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Sports Law professor talks “Deflategate,” bridges interdisciplinary gaps

Penn State Law professor Stephen F. Ross created a unique classroom experience in his Sports Law class on Tuesday afternoon, bringing together the cutting-edge research and the world-class experience and resources for which Penn State is known.
Sports law professor Stephen Ross debates with labor and employment relations professors of practice Doug Allen and  Paul Whitehead.

UNIVERSITY PARK, Pa. -- Penn State Law professor Stephen F. Ross created a unique classroom experience in his Sports Law class on Tuesday afternoon, bringing together the cutting-edge research and the world-class experience and resources for which Penn State is known.

Ross—an internationally recognized expert on sports law—is researching a law review article on the legal issues surrounding the “Deflategate” controversy, in which the NFL Commissioner suspended New England Patriots quarterback Tom Brady after concluding that he was involved with tampering with footballs prior to a game.

Knowing this timely topic would be both valuable and interesting for his students, Ross structured his Sept. 13 course around his research into the relationship between labor and employment law, contract law, sports law, and the Deflategate case—giving his students an inside look at real-world sports law as it develops.

But, because of the vast interdisciplinary expertise available at Penn State, Ross was also able to craft an even more tangible exploration of these issues with help from two additional Penn State professors.

Penn State professor of labor and employment relations Paul Whitehead, who is also an affiliate professor of law and the former general counsel for the United Steelworkers, joined Ross and his students to serve as an expert commentator—which was especially valuable because one of the major precedents involved in Ross’ research are a series of decisions involving the United Steelworkers in which the Supreme Court directed judges to almost always defer to decisions by arbitrators.

The students in the class were also able to gain a deeper understanding of this issue through additional input from Penn State labor and employment relations professor of practice Doug Allen, the former deputy director of the NFL Players Association (NFLPA).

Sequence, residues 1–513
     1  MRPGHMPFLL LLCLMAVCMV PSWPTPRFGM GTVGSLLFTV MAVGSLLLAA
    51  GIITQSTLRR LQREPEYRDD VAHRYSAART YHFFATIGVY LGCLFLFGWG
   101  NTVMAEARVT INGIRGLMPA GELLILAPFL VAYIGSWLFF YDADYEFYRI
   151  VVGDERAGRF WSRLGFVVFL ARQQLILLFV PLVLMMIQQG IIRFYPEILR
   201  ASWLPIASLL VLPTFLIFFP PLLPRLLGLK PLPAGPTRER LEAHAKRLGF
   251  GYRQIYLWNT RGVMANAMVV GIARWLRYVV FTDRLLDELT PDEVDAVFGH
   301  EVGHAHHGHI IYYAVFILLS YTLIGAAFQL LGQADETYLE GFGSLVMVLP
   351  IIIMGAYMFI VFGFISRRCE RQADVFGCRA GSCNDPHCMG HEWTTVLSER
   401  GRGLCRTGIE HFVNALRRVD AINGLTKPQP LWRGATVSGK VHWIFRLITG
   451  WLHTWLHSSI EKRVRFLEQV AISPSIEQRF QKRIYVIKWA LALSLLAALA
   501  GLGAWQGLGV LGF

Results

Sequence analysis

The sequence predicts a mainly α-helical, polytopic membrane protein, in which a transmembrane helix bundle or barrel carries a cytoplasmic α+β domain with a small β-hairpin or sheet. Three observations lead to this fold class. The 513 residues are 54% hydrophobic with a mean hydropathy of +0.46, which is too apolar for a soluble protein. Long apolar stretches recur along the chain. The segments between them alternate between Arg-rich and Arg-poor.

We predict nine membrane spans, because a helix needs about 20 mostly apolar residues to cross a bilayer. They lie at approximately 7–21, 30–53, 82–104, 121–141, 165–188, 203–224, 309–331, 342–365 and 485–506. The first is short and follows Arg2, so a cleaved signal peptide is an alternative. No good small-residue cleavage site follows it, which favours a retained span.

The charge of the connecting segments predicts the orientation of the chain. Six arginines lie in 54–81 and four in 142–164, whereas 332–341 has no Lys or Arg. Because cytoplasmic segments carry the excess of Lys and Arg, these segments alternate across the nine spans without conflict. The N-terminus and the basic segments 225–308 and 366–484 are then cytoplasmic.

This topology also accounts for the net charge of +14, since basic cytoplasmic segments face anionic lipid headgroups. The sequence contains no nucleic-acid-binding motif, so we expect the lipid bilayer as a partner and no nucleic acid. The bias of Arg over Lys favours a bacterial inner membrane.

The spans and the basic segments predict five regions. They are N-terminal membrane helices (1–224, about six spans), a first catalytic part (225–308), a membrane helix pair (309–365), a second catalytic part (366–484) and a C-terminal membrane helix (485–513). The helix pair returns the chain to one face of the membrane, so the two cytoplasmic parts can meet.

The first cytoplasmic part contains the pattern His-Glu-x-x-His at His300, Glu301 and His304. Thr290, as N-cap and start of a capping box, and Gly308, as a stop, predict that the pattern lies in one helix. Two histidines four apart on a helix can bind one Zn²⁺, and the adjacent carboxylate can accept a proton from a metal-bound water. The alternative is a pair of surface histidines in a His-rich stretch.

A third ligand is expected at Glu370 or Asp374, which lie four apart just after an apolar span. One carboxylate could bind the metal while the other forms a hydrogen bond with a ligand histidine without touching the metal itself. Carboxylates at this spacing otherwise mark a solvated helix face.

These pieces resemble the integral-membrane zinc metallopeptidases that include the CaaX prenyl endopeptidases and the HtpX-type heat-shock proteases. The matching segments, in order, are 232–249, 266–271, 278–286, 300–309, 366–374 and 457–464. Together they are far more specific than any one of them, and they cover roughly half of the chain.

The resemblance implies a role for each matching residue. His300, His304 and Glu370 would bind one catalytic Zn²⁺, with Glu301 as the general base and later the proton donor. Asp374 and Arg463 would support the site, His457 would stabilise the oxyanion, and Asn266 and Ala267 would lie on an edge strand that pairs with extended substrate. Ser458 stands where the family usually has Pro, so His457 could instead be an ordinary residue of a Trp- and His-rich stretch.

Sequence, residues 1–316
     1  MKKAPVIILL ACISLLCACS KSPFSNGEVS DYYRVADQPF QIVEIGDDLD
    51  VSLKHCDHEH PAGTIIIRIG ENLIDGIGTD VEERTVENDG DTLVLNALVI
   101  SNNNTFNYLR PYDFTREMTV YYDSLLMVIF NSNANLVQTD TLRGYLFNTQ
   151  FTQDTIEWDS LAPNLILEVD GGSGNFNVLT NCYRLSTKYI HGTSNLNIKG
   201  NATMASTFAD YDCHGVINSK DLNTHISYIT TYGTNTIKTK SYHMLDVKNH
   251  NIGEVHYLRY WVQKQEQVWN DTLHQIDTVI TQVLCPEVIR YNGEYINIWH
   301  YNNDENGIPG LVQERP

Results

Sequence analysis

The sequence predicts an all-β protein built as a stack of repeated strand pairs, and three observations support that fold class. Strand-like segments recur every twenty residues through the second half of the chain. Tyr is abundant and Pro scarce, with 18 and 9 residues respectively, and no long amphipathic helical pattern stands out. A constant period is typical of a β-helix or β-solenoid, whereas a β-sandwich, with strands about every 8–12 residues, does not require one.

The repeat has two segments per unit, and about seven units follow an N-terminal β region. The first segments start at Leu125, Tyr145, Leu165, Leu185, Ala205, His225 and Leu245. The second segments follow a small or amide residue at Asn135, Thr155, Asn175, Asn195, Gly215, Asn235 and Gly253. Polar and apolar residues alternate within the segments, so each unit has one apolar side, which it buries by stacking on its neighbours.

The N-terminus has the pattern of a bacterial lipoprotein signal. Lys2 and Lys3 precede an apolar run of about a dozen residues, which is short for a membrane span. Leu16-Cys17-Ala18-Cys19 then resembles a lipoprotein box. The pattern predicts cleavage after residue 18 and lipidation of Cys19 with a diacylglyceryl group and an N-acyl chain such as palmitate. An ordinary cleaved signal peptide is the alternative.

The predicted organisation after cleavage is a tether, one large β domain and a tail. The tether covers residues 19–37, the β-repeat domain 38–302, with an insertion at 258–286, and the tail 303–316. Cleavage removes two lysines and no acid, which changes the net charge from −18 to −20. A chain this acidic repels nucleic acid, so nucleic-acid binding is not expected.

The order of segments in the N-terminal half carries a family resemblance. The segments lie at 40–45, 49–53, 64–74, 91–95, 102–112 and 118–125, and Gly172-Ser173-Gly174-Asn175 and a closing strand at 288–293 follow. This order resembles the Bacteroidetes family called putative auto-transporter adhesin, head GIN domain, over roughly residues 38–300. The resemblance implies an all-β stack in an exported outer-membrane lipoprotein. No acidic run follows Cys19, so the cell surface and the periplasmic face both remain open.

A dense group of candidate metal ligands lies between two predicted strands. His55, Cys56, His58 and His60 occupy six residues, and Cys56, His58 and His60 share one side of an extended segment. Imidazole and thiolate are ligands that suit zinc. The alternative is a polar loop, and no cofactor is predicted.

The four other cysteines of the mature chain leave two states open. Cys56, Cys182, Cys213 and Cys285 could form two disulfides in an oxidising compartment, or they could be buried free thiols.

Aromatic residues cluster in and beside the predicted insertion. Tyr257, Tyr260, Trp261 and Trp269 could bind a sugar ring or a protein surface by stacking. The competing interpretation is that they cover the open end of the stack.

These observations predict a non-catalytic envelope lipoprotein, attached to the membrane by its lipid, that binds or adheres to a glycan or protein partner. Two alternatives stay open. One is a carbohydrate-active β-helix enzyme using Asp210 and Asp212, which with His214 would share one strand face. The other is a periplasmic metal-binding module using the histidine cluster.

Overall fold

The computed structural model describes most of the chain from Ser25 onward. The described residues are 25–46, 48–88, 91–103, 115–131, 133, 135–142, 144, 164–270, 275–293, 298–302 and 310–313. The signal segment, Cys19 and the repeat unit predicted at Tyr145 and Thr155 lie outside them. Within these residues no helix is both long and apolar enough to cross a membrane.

“Sports law is a very interdisciplinary field, so it was a huge resource for me, and my students, to have access to Professor Whitehead’s legal and professional expertise, as well as to Professor Allen, who was in the room at the NFL where this happened,” Ross said.

Ross began the class by laying out his research into the Brady case, explaining his conclusion that the judicial review of these players’s discipline should not follow the Steelworkers precedent.

“I respect your professor very much, and defer to him on many aspects of sports law, antitrust law, and many aspects of labor law,” Whitehead began after Ross concluded his remarks, “but I disagree with him.”

Whitehead went on to provide a detailed point-by-point critique of Ross’ argument, ultimately concluding that courts should defer to the Commissioner because that is what the union bargained for. Allen next spoke about his own work at the NFL Players Association and his first-hand experience with the elements of the law covered by Ross and Whitehead.  Specifically, Allen shared with the class why the NFLPA chose to acquiesce in Commissioner discipline with other bargaining topics having greater priority for players.

Between the three professors, who finished out the class by debating the various legal nuances involved, the students present were exposed to thoughtful and expert analysis from different perspectives, as well as the practical history and application of the issues at play.

“It’s great to have opportunities like this, because you get more perspectives and views on an issue than you might otherwise,” said Tyler Cloak, a student in Ross’ class. “It helps you develop a fuller understanding of the law.”

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